There is also a lot to be said about the computer assisted zooming I have used to get to this shape. Claude on found an algorithm to determine the location and depth of the nearest minibrot inside a bounded region, involving the Newton-Raphson method. Because doubling and morphing shapes is equivalent to choosing a minibrot and zooming to 3/4 of the depth, knowing where the minibrot is and how deep it is allows one to find the coordinate and the depth of the morphing immediately. The coordinate is the same. The depth (the exponent in the magnification factor required for the minibrot to fill the screen) needs to be multiplied by 3/4. All you need to do is do a few zooms manually to make sure the algorithm searches for the correct minibrot and the computer can do the rest. Kalles Fraktaler has this algorithm implemented and I've been using it a lot. Some links to information about how it works can be found here:…

This is revolutionary. I think we can call it the best invention since the perturbation and series approximation thing. Zooming manually takes A LOT of time. I have spent days to several weeks just zooming for one image. Once the desired path has been chosen, it's a very simple and boring process of zooming in on the center until the required depth is reached. Note that this is not what the algorithm does. It doesn't need to render any pixels or use any visual reference whatsoever. It's a solid mathematics-based method and it works if you give it an "accurate enough" guess of where the minibrot is. Note also that it doesn't help in choosing a location to zoom to. You really just tell it "zoom into this center" and it finds the minibrot inside it for you, saving a lot of work.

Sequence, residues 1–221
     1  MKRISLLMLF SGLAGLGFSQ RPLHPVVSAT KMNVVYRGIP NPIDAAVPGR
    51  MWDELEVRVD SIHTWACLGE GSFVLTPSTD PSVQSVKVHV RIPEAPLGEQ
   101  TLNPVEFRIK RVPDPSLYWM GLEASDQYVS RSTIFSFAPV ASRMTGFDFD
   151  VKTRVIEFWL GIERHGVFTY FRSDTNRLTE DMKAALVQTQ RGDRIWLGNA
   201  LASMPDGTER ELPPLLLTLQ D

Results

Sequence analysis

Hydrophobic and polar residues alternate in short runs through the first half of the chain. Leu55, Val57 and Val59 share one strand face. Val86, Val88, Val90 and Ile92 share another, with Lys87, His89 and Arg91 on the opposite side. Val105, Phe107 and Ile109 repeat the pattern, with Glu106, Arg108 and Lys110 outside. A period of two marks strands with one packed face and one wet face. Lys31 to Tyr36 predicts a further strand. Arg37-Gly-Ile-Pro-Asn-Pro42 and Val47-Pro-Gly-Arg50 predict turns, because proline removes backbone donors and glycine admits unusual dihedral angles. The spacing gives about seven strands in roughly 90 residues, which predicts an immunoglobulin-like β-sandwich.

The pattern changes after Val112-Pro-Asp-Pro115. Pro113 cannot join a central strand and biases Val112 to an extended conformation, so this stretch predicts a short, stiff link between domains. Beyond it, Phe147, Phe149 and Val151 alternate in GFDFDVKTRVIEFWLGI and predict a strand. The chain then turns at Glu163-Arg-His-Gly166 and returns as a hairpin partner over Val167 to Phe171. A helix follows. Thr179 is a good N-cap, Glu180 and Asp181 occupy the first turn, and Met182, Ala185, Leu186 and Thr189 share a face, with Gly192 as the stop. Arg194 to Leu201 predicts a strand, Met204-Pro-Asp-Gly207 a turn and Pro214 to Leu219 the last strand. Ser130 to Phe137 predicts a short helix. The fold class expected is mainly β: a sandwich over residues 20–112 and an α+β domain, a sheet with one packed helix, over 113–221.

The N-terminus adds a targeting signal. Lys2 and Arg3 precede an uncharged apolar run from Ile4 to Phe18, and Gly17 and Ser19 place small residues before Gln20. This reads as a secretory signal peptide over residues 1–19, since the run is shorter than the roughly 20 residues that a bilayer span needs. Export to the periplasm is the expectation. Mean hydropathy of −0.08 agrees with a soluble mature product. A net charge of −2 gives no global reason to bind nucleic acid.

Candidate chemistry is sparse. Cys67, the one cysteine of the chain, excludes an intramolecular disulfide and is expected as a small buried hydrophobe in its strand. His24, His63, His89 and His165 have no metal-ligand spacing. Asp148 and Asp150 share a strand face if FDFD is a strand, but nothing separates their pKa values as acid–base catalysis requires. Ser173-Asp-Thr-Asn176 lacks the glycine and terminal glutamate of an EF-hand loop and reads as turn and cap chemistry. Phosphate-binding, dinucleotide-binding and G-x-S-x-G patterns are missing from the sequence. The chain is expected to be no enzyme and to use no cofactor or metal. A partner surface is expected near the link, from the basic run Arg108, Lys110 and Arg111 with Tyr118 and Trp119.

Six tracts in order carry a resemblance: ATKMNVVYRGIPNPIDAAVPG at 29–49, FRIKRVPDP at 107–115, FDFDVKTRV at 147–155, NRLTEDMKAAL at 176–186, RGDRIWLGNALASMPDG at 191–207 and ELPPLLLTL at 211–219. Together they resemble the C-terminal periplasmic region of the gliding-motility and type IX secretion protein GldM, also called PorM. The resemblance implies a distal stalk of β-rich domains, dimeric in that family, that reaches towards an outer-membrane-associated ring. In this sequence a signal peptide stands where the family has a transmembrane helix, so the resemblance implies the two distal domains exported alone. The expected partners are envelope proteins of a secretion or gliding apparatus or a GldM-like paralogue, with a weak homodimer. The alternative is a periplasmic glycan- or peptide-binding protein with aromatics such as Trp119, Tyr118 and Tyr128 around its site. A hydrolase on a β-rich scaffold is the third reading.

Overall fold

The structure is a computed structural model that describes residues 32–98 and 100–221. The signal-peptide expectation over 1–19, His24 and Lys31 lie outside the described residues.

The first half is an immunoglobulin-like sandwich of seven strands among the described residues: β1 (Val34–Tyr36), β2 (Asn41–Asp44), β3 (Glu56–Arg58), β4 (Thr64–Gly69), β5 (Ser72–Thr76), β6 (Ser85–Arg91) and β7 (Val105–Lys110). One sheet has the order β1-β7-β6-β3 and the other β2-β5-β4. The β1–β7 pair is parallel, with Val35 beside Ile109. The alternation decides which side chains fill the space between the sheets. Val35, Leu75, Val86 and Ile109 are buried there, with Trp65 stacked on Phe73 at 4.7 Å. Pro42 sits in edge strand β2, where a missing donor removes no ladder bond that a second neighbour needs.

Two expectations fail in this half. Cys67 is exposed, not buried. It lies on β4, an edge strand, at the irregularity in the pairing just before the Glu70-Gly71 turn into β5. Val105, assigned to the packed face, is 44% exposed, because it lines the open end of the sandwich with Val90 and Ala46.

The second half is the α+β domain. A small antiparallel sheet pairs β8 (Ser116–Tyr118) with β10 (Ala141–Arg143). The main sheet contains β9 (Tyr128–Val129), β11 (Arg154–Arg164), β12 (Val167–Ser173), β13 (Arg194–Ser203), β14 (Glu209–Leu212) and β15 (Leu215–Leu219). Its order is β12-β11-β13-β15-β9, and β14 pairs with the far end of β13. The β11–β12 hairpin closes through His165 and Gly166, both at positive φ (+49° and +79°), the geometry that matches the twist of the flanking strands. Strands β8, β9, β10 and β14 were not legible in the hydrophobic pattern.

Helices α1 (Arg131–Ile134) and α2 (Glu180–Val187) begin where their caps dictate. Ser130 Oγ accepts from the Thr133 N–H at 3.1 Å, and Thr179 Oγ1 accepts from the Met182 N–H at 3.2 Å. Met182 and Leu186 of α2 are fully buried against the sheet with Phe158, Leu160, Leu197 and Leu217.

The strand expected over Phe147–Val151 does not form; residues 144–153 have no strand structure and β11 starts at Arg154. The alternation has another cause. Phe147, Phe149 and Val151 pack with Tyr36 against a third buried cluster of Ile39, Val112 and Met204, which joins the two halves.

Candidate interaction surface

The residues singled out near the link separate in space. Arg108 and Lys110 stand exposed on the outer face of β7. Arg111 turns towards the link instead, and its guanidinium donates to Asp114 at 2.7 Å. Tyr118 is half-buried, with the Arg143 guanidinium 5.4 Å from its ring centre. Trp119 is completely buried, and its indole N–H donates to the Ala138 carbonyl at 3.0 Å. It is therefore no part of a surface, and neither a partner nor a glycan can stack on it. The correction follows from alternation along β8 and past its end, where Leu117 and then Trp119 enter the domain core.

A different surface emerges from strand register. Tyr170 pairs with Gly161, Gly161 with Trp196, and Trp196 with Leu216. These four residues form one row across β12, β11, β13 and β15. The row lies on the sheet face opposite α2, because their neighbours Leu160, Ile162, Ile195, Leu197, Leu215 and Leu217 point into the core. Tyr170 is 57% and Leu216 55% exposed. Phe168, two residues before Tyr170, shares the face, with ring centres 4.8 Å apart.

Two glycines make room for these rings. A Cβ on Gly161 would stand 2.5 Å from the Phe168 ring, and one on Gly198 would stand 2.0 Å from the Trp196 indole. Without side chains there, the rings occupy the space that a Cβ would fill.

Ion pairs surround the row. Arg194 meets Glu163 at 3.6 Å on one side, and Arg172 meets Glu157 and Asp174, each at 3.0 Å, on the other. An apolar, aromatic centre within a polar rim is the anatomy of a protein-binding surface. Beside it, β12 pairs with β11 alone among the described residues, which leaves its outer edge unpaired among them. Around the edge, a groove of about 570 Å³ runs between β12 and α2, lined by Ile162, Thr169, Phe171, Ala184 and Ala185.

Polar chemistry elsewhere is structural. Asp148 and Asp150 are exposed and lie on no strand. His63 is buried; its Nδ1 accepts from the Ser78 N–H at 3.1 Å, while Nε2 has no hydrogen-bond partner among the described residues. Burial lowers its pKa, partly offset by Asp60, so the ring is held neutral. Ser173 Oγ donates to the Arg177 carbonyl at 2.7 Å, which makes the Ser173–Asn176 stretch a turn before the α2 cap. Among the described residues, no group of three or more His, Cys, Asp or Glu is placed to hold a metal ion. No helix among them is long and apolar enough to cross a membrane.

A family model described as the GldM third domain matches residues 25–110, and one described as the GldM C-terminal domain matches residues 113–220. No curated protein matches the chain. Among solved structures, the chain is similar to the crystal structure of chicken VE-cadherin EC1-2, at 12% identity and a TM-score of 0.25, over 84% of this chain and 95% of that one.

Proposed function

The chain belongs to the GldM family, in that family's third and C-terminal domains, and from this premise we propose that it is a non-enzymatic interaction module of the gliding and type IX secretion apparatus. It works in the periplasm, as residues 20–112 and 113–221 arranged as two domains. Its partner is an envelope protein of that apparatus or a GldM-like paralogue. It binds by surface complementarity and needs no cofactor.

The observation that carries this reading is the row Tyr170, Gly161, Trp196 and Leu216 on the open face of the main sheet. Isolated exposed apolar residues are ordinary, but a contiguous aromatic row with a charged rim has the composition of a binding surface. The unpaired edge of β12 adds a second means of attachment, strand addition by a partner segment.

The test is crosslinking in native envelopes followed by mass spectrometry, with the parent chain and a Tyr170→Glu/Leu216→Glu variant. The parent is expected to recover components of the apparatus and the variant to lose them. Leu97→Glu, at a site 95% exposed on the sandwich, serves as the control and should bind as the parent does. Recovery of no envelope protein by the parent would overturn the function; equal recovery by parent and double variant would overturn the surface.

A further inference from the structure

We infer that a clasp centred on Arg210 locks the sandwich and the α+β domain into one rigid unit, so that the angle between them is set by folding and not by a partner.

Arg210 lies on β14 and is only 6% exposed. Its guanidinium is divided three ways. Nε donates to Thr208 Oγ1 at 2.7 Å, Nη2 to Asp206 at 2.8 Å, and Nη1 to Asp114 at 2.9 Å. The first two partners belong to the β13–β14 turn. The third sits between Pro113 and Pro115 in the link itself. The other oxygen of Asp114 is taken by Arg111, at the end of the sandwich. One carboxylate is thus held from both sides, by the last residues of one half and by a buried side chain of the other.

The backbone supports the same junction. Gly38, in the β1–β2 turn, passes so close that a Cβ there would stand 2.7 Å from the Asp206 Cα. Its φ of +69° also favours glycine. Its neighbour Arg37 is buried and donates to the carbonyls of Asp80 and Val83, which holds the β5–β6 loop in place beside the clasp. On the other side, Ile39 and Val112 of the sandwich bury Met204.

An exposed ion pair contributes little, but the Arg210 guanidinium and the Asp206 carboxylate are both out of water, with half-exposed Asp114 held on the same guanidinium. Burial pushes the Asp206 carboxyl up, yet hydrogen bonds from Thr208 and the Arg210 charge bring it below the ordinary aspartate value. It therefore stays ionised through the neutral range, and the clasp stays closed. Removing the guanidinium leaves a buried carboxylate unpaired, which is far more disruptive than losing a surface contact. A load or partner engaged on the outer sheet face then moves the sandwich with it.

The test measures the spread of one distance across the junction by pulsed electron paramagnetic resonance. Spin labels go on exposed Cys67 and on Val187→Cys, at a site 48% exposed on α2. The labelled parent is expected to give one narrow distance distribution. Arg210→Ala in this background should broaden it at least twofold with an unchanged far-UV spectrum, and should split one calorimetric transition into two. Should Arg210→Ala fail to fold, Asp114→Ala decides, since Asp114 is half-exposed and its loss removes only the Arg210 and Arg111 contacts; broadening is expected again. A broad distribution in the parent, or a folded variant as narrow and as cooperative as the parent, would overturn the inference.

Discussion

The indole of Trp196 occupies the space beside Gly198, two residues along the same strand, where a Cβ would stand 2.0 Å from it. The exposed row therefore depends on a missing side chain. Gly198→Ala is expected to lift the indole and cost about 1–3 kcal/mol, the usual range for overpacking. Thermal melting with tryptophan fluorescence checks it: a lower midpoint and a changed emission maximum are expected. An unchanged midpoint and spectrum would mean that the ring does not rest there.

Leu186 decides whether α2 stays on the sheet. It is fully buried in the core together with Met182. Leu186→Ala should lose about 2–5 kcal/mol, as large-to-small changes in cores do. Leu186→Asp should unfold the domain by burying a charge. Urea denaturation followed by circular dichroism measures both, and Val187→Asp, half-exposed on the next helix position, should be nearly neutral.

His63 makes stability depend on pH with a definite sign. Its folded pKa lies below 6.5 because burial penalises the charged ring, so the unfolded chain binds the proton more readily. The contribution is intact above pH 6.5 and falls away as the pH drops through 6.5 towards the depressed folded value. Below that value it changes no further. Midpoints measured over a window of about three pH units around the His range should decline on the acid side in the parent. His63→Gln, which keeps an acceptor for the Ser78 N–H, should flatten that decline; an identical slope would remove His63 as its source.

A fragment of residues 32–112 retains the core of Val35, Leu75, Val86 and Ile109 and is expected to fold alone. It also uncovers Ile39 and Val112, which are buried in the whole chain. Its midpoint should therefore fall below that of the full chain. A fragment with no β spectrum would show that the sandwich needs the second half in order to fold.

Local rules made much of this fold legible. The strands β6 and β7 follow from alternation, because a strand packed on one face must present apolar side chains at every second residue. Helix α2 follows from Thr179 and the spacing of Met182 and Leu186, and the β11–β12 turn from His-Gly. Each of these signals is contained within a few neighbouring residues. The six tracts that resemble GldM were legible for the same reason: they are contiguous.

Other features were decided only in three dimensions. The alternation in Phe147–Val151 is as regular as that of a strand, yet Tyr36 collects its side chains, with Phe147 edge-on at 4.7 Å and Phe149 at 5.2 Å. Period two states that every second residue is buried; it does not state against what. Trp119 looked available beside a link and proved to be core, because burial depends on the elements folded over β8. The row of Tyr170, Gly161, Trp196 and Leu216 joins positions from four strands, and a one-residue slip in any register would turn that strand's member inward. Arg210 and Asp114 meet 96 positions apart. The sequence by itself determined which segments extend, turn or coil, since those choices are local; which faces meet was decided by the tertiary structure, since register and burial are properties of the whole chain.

It's pretty fast generally, usually faster than manual zooming, especially in locations with few iterations. Based on my experience with the Newton-Raphson zooming in Kalles Fraktaler thus far, I think it's actually a lot slower than manual zooming for locations with a high iteration count. Usually that's still more than made up for. You can work, sleep, study and (most importantly, of course) explore other parts of the mandelbrot set while the computer works for you, 24/7. If you have a processor with many cores you can let it zoom to several locations at once. Effectively that makes it faster in almost every situation.

The evolution zoom method involves a number of iterations of a few steps and I have found that generally it holds that the more steps taken, the better the result. The way the result looks like converges to a limit as the number of steps goes to infinity. The Newton-Raphson zooming allows me to perform more such iterations without as much effort as before. I always want to push the limits of what's possible, so I will perform those extra iterations, meaning I will be zooming a lot deeper. It will lead to shapes that are even more refined with even more symmetries and patterns.
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timemit's avatar
I do love these deep areas.. keep on exploring  :D
interesting! thanks for sharing. I wasn't aware of the implications of the newton-raphson method.
And the "trees revisited" is a beauty.